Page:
Fantasy, suicidal ideation, ecstasy, pride, shame, opportunities gained, opportunities lost, fortunes made and fortunes squandered—these are some of the topics that a psychiatrist will encounter. Often, they are the factors that drive people into states of mental illness or ones that perpetuate suffering. Each of these topics is given thorough consideration in a new podcast series, The Butterfly Effect by Jon Ronson and produced by Lina Misitzis (available at iTunes or Audible.)
While ostensibly The Butterfly Effect tells the story behind the wide availability of free internet pornography, the psychiatrist listener will quickly appreciate that this is only the beginning of the story.
In March 2015, Jon Ronson (The Psychopath Test, The Men Who Stare at Goats, Them: Adventures With Extremists) authored bestseller So You’ve Been Publicly Shamed, a book that told the story of nearly instant and almost universal shaming made possible by social media. In this book, he encourages all to consider others not as either “intelligent” “stupid” “moral” or “immoral” but rather everyone is a mixture of these and infinite other elements.
The Butterfly Effect studies free internet porn as a continuation of his study into shame and its harmful effects. The stories he tells will resonate with practicing psychiatrists who now toil in the tidal wave that this pornographic expansion has set in motion; the unprecedented numbers of young people who now have video of sexual behavior living for eternity, the exposure to performance sex that is perfectly matched to and the emergence of younger generation of men unable to achieve arousal with their real-life sexual partners.
Mr. Ronson was interviewed in New York about The Butterfly Effect in general and about its relevance to the practicing psychiatrist.
Howard Forman: How would you describe your job?
Jon Ronson: I consider myself, I guess a storyteller. I try and find stories, mainly nonfiction, but sometimes fiction these days, that sort of shed light on the way the world works. And I suppose I'm always ... I'm pretty much always looking for stories that are kind of humanist, for want of a better word. And sort of stories ... The older I get, I think it's more stories that kind of bring people together as opposed to push people apart. So I guess stories about empathy and curiosity as opposed to what a lot of other journalists do, which is judgment.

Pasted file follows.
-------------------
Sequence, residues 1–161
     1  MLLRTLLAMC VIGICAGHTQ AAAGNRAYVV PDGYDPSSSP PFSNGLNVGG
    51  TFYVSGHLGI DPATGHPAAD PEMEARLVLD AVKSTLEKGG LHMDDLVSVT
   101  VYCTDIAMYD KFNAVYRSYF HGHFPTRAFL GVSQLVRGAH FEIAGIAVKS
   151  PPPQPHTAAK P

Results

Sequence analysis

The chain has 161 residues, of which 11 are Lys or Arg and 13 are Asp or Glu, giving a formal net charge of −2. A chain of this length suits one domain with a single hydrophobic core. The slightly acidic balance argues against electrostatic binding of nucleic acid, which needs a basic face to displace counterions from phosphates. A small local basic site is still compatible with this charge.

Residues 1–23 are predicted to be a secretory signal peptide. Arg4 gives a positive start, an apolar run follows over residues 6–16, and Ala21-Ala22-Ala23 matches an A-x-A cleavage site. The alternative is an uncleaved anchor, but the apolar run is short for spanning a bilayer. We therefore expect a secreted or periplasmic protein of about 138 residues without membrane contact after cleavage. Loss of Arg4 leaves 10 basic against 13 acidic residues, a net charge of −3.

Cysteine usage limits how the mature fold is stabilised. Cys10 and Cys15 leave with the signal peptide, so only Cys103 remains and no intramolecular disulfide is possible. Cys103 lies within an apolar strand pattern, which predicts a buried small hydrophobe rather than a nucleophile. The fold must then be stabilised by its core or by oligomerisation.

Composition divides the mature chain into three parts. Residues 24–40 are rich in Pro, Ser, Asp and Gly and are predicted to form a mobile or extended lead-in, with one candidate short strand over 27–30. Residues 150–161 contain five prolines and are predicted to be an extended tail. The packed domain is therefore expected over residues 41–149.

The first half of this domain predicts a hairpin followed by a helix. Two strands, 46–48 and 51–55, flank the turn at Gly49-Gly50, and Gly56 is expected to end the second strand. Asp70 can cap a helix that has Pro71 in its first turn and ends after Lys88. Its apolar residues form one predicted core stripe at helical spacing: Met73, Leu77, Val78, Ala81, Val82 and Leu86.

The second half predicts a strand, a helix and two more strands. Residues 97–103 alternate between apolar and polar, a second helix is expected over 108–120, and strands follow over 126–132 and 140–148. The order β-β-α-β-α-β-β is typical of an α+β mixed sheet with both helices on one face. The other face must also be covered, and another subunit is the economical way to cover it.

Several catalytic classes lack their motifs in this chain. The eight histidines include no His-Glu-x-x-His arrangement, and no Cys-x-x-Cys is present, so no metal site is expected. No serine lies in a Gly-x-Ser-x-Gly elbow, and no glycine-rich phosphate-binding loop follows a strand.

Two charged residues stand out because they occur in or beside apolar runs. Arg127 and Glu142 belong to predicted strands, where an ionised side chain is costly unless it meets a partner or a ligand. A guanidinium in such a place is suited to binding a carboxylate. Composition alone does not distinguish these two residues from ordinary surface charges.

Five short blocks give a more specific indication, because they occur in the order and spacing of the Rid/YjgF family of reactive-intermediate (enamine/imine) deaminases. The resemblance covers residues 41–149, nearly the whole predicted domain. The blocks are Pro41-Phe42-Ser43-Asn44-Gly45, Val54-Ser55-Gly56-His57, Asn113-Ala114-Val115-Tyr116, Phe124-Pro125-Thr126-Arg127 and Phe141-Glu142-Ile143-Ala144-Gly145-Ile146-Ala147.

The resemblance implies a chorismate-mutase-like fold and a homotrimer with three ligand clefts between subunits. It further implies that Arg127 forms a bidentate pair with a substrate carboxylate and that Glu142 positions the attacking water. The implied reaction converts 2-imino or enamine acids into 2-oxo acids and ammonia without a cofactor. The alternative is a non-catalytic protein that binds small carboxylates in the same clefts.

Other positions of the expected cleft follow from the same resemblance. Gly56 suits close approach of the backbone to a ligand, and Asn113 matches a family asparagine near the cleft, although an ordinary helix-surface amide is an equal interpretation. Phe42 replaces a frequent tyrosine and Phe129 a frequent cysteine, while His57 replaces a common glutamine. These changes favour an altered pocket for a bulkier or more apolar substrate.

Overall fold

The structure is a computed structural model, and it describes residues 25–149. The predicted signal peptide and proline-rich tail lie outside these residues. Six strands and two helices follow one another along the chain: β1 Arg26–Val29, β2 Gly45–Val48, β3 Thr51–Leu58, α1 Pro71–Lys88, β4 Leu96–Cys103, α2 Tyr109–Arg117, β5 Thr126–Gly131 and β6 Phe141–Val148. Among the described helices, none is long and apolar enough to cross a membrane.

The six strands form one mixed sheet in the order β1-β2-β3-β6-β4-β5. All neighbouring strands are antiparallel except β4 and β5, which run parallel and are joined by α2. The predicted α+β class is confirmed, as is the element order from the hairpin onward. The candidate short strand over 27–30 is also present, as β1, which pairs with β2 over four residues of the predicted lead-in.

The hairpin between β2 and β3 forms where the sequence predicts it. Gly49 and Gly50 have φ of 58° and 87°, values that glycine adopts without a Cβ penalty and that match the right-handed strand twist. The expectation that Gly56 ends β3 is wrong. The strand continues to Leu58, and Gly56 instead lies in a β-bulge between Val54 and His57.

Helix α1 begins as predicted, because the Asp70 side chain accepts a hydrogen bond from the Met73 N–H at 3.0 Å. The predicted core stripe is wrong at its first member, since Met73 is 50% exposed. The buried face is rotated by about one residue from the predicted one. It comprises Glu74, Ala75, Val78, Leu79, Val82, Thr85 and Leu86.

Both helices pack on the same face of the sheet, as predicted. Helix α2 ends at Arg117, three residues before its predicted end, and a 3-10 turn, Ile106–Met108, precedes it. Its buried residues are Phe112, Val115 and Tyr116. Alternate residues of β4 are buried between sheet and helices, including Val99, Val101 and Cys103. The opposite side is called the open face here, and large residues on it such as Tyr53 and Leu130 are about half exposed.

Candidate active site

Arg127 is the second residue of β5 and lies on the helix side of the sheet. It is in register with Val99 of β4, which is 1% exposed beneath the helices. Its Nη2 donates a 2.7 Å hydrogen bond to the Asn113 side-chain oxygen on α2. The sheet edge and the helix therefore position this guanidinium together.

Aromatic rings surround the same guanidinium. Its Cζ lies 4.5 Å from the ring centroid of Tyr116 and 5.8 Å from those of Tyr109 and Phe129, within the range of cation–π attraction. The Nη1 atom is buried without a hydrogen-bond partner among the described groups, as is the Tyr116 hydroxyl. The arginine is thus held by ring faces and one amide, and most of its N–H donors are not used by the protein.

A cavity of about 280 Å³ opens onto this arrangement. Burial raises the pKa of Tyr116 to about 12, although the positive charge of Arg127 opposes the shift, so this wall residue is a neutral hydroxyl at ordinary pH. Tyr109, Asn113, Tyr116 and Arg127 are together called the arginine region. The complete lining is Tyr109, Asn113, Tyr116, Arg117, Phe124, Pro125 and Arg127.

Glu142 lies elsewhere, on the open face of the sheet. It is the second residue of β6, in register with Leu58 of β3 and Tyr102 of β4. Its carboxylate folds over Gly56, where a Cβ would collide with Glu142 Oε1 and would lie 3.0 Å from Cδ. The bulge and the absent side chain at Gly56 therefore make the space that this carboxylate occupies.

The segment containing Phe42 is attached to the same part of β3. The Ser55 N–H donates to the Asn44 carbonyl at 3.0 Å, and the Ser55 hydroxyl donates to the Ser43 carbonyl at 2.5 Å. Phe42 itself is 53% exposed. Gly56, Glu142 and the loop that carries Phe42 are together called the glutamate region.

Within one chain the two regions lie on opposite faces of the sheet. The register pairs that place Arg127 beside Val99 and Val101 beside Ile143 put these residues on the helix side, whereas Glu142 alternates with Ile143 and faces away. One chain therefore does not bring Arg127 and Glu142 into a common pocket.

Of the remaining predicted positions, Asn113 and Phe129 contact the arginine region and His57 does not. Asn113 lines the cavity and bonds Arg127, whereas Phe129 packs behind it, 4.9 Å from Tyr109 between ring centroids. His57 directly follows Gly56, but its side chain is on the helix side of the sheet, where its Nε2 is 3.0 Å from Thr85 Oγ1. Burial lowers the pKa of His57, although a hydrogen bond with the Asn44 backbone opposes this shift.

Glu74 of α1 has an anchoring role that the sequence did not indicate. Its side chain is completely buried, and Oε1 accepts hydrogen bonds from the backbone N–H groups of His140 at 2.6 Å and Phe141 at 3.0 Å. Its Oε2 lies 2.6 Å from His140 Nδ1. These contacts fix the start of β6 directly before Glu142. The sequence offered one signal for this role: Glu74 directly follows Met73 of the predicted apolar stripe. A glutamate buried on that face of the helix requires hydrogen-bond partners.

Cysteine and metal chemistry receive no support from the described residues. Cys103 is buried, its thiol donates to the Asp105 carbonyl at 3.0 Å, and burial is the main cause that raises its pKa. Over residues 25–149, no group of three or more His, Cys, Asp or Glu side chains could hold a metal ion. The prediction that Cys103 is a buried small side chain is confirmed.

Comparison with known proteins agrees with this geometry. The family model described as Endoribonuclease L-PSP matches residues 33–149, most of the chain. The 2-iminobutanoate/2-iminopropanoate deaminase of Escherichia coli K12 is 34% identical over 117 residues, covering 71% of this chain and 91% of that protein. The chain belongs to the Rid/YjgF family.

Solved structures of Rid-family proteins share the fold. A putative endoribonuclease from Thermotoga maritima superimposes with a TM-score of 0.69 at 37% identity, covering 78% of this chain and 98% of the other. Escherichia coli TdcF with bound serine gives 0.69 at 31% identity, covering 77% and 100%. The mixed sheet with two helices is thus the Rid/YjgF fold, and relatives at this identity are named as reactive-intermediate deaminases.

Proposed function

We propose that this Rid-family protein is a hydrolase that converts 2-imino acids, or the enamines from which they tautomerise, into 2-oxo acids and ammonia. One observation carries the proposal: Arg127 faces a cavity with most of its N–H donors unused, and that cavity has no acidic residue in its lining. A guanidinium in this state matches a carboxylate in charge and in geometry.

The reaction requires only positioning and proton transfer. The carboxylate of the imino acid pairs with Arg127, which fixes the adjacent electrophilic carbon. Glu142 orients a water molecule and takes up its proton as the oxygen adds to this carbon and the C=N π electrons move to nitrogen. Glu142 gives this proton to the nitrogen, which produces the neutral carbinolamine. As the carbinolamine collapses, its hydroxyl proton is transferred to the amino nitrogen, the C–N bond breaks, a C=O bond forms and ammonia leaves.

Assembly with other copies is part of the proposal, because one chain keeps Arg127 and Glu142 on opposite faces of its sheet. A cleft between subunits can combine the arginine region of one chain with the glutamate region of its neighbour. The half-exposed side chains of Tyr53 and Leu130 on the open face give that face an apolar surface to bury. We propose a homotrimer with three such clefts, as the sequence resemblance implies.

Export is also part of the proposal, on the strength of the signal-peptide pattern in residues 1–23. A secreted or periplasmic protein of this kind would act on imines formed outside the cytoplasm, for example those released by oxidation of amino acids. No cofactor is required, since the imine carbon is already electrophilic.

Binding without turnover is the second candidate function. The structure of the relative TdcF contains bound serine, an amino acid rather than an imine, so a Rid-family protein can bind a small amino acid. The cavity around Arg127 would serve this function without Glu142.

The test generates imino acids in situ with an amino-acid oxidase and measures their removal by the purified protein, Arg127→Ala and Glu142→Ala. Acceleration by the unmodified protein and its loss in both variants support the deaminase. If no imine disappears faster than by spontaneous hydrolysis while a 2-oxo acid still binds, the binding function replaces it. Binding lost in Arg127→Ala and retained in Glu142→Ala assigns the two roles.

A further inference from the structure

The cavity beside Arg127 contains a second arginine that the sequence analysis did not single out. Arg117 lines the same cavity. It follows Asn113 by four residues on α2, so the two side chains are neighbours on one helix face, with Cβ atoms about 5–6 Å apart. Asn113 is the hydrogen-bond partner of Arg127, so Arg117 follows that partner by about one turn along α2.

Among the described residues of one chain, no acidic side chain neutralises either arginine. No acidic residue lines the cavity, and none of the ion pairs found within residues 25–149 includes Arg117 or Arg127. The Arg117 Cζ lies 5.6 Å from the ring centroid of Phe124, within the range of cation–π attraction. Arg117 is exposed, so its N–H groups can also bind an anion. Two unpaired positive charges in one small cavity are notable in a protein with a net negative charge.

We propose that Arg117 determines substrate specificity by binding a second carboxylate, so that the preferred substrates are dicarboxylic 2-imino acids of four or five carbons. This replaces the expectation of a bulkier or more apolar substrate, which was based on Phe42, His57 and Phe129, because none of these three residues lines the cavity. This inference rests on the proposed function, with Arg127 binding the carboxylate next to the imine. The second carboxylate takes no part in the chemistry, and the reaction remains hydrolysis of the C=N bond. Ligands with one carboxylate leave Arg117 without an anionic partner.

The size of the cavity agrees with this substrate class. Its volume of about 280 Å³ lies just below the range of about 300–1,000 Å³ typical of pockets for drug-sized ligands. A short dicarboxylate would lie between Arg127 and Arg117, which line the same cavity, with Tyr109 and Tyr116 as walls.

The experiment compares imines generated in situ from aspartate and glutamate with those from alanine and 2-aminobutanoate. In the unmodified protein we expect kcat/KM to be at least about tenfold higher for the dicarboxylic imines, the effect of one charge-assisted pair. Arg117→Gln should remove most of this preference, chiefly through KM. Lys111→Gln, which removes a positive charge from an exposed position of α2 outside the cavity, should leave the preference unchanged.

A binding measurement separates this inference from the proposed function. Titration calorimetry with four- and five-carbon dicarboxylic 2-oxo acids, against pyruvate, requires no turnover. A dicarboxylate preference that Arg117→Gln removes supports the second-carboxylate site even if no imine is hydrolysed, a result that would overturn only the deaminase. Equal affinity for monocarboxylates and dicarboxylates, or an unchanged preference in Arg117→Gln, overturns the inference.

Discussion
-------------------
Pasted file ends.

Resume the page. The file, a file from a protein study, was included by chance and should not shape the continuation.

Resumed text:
Howard Forman: You have said in other interviews that you like stories about outsiders. And I was wondering, do you have any insight or ideas as to why this is the case?
Jon Ronson: Yeah, I'm pretty sure. This famous British writer called Caitlin Moran said that it definitely goes back to the fact that I was bullied at school. And so I'm trying to make sense of the horrors of the world by going to the places where you might find horror and de-horrorizing it.
But I think I would say I'm definitely drawn to outsiders because both as a Jew and also as somebody who grew up in wrong town, I was an outsider.
Howard Forman: In what ways do you see The Butterfly Effect as a continuation of your appraisal of internet shaming in So You’ve Been Publicly Shamed?
Jon Ronson: Yes, It's all about re-humanizing . . . It's all about people not thinking about the consequences of their actions on the internet. So that's a very big parallel between the two stories. It's about me trying to re-humanize demonized people—and also about making people think about ripples and consequences.
Howard Forman: Can you comment on what you perceived as the presence of mental illness in the pornography industry that you studied so intensely for this project?
Jon Ronson: Suggest a sentence rephrase: When I started writing The Men Who Stare at Goats I asked psychologist Ray Hymen, "Why are so many people who believe crazy things inside the intelligence services?" He said, "Because people are nuts. People are nuts inside the intelligence services; they're nuts outside the intelligence . . . They're just nuts."
And I thought, the other day I was talking, I was being interviewed by this really great British podcast they've got out and the interviewer asked "Yeah, but surely the porn world is full of people who've had really terrible childhoods, and are very sort of emotionally damaged." And I was like, "Yeah, but where else do you find people who've had really bad childhoods and they're really emotionally damaged? Everywhere."
Howard Forman: What do you hope most practicing psychiatrists take away from The Butterfly Effect?
Jon Ronson: I think it's about empathy and curiosity and compassion and being more important than judgment and suspicion. In many ways it's about trying to get people to rethink what they consider reputable and what they consider disreputable. And then speaking out about that.